La Nina conditions affecting Galapagos

The U.S.  National Oceanographic and Atmospheric Administration - NOAA - (U.S. tax dollars at work - thank you) is predicting peak "La Niña" conditions in December 2011 / January 2012, after which they are expected to taper off.  What does that mean for Galapagos bound adventurers?  Typically, La Niña in Galapagos is characterized by cooler than usual water temperatures, and a drier climate.   Normally we expect water temperatures to be at their warmest from about January to April - though these should still be the warmest of the year, they will likely be a little cooler.   Those of you already inclined to use a wetsuit might want to go ahead with it.

January - April is also considered the wet season, for the occasional tropical downpours.  These rains trigger the "Galapagos spring" in the plant community, resulting in the sprouting of leaves in the trees.   During a "La Niña", if the rains fail, the leaves don't come out so well, resulting in a winter like landscape of leafless trees in some parts.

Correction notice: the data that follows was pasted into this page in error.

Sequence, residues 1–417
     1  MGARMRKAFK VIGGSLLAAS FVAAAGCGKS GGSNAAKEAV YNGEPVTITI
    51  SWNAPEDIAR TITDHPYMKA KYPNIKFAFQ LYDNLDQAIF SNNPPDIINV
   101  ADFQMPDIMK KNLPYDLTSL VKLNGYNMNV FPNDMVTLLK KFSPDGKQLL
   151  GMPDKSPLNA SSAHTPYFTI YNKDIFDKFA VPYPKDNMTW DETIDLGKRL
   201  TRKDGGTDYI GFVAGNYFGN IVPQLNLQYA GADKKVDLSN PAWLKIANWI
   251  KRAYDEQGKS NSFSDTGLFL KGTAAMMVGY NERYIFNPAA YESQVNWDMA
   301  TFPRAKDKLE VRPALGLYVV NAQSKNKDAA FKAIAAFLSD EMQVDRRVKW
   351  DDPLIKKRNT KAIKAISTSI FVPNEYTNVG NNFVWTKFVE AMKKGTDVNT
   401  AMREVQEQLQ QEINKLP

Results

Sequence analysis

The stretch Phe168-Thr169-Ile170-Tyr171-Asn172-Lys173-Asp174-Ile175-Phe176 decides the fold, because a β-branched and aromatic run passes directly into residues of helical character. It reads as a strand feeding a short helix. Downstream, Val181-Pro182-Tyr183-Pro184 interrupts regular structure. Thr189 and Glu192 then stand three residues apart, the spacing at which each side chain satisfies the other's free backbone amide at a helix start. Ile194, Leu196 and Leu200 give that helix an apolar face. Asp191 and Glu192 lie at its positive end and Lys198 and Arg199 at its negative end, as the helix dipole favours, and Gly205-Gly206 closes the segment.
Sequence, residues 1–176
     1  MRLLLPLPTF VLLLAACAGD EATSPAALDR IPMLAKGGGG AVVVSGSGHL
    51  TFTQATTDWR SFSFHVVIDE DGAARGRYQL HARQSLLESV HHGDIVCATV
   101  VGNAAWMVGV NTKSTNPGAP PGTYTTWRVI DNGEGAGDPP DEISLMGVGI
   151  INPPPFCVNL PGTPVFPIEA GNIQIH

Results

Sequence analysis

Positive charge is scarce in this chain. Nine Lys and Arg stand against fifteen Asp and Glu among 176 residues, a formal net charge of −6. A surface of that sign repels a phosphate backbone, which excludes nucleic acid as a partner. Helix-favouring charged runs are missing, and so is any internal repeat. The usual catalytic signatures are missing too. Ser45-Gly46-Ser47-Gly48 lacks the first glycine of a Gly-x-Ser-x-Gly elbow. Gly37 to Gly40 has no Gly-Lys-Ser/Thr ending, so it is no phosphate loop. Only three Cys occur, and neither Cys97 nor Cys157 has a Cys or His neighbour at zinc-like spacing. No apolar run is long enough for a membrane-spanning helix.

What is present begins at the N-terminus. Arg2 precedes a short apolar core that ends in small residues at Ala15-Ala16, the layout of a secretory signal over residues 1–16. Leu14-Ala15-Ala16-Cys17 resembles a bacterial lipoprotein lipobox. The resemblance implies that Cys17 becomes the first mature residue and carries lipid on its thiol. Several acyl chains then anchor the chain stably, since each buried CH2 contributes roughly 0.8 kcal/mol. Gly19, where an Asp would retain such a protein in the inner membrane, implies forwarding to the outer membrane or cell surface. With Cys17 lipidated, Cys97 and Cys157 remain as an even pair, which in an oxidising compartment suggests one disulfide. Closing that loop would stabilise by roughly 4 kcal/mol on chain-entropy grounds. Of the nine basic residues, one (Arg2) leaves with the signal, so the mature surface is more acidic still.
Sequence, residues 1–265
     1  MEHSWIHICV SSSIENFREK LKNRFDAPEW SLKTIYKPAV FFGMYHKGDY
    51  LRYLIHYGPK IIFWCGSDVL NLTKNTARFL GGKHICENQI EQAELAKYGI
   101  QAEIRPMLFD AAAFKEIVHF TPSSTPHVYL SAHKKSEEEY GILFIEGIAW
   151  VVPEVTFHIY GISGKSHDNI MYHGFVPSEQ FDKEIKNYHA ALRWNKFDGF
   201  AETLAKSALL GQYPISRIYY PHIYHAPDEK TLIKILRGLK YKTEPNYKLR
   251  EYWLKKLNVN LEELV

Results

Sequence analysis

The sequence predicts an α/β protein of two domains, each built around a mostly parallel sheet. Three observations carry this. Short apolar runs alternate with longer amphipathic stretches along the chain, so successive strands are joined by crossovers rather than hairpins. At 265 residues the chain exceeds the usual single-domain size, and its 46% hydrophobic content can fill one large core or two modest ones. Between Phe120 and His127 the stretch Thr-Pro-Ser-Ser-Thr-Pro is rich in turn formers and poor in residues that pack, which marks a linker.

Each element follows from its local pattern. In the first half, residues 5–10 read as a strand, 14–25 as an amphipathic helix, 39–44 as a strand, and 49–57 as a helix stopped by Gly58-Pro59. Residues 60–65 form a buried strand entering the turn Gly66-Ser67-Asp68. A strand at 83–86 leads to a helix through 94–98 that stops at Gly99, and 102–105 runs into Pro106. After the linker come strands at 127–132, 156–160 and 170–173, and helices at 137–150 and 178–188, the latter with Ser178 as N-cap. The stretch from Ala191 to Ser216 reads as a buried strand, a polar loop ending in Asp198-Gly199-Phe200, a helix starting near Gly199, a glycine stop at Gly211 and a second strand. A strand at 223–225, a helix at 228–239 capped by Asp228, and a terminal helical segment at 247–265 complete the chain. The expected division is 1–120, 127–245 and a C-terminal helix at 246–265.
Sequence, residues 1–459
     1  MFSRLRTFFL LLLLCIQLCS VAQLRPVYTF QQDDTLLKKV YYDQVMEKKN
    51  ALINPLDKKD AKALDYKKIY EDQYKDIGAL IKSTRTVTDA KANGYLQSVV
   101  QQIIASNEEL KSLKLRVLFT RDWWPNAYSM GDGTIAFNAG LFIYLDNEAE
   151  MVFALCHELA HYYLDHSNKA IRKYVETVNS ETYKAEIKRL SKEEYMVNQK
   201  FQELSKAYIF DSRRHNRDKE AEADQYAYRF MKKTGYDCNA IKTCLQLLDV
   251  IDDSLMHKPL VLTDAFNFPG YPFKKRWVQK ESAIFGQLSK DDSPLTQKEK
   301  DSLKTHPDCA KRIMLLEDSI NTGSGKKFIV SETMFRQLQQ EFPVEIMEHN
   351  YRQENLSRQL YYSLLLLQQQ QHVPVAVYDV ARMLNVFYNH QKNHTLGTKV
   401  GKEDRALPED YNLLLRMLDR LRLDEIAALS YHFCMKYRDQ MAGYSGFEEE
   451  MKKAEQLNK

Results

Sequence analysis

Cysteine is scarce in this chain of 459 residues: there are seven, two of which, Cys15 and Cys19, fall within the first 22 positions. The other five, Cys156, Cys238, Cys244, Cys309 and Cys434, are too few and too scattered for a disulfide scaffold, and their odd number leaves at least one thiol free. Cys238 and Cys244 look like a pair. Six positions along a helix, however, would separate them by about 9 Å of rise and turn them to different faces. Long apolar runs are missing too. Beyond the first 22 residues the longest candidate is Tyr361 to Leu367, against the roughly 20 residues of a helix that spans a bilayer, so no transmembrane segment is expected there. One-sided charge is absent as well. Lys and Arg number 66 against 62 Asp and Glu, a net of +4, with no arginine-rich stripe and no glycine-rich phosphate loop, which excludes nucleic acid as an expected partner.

The picture below (credit to NOAA) reflects surface water temperatures in the Pacific.  It indicates that water temperatures in Galapagos are between 2 and 3 degrees Celsius (3.6 to 5.4 degrees Farenheit) below normal for this time of year.  As November waters are usually at their chilliest, anyone contemplating a swim in the islands in the next few weeks will likely appreciate a wetsuit.

 

La Niño

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